September is mostly going to be “what has Melinda been doing” month.
And my motivations are fairly self-serving, I’ll acknowledge.
I have been working so much for my consulting clients that I really haven’t been doing nearly as much reading and exchanging, in the blogosphere or otherwise, to cultivate thoughts to share here.
And, too, I need a reason to sit still for a few moments and just reflect on, and sort of process, what this work is adding up to.
I hope, of course, that this is also at least somewhat helpful to you, the readers who continue to humble and amaze me, with your comments and your mere presence.
If not, well…it’s another reason for me to be ever grateful to you, for humoring me. And to the Internet, for giving me this platform.
My world was fairly rocked, and not in a good way at all, in the Kansas Republican primaries on August 7th of this year. Conservatives picked up way more seats than they needed, in order to gain control of the Senate, which has, until now, been a pretty moderate body, serving as a sort of ‘check’ in the past two years, as the House and Governor’s Mansion are increasingly far-right.
It was a big deal, and even made national news.
I don’t think that it’s as much a mandate for the policies of Kobach and company as much as a referendum on the inadequacy of the Republican primary–and, at least for now, the entire party–as a medium for moderation. In several of the races, where solid moderate Republicans–mostly very good friends of mine–lost well-financed, hard-fought contests, there is ample evidence that moderate voters just didn’t show up.
I’m still very much in the stages of grief, here. Some of my advocate friends joke that I may stay ‘stuck’ in anger for a long, long time.
We will almost inevitably lose issues that matter a great deal to me, including our instate tuition policy for immigrant students, decent school financing for public education, an Earned Income Tax Credit, support for essential social services.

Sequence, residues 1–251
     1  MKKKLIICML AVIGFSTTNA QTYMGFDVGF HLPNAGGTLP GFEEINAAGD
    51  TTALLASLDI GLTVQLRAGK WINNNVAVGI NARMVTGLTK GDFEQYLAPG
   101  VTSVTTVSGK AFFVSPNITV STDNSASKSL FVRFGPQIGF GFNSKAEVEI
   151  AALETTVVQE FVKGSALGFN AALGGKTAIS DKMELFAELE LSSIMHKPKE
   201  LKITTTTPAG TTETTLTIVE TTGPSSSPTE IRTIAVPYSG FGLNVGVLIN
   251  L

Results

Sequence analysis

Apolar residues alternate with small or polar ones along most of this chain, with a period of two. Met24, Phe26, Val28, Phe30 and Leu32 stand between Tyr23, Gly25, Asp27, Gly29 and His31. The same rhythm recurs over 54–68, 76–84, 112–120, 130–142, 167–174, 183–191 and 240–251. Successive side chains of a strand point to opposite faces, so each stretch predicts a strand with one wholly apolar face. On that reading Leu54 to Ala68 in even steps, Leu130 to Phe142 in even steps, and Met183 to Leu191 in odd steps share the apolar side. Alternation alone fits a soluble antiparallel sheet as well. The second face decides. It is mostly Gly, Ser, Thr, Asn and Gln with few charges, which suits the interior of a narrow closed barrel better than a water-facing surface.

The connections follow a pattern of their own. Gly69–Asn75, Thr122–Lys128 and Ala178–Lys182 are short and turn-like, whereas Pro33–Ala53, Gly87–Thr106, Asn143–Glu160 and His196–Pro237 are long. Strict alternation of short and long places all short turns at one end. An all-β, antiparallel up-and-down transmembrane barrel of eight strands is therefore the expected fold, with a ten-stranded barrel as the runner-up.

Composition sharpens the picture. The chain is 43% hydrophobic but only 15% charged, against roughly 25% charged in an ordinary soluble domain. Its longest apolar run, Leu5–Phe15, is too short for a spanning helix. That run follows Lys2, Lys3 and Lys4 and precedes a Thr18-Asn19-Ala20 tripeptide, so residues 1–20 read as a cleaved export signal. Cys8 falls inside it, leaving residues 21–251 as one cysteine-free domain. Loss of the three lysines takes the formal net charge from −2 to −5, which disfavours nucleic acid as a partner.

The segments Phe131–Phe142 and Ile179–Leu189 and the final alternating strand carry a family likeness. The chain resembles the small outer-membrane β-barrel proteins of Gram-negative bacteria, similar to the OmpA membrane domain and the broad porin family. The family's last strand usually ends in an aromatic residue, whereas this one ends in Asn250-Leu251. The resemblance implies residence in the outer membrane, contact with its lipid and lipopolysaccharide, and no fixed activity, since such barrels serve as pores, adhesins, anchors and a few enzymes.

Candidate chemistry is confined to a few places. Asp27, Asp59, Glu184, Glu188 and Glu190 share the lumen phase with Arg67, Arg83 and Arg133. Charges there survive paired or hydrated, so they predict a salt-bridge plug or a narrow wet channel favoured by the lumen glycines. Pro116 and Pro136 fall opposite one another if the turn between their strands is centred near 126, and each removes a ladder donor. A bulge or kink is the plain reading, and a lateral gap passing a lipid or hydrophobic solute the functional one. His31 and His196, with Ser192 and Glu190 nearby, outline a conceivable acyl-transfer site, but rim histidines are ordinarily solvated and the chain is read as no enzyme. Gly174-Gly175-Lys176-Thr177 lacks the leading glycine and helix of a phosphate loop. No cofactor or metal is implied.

Elections have consequences.
Even when that sucks.
But I know that I can’t stay stuck in grief. None of us can afford that.
Neither can we content ourselves entirely with ‘speaking truth to power’, not if that means beating our heads against the collective wall that will be the Kansas Legislature for the next few years.
We can do better.
I have had the pleasure of working alongside the Center for Evaluation Innovation recently, on a Kansas Advocacy Evaluation Collaborative, where we’re helping some of our strongest advocates–primarily in health–to develop new and greater capacity to evaluate their advocacy efforts.
One of the takeaways for me, from these discussions, has been this framework that they introduce to help advocacy organizations conceptualize where their activities are directed and the kinds of impacts that they can expect from them. It’s designed, in part, to help foundations and grantees understand where they need to be engaged in order to get the effects they want. For me, though, it’s also about reminding ourselves where else we can be–beyond just legislative lobbying–in order to influence other key actors and, ultimately, provoke change.
We used this framework with the Sunflower Foundation Advocacy Fellows last week, as part of a discussion about how the Kansas political climate has shifted, and what this means for the Fellows’ work.
I needed this, at this particular juncture.
It’s like a challenge, to consider all of the places, and all of the ways, I need to be working. Where should we be organizing and mobilizing? What kind of research and analysis do we need? Are there places we can develop champions, in ways that might, slowly, build political will? What do voters need to understand, and how can we really reach them?
Certainly, many advocacy organizations have long considered all of these domains fertile territory. I don’t mean to imply that we’ve ever been ‘one-trick ponies’. But, now that our efforts in legislative lobbying are more likely to be thwarted–NOT that we should ignore the statehouse, in any respect–how can we piece together a theory of change that relies more heavily on some of these other quadrants?
How can we adapt and thrive, no matter how hostile the environment?
So that, in the end, we find new ways to win?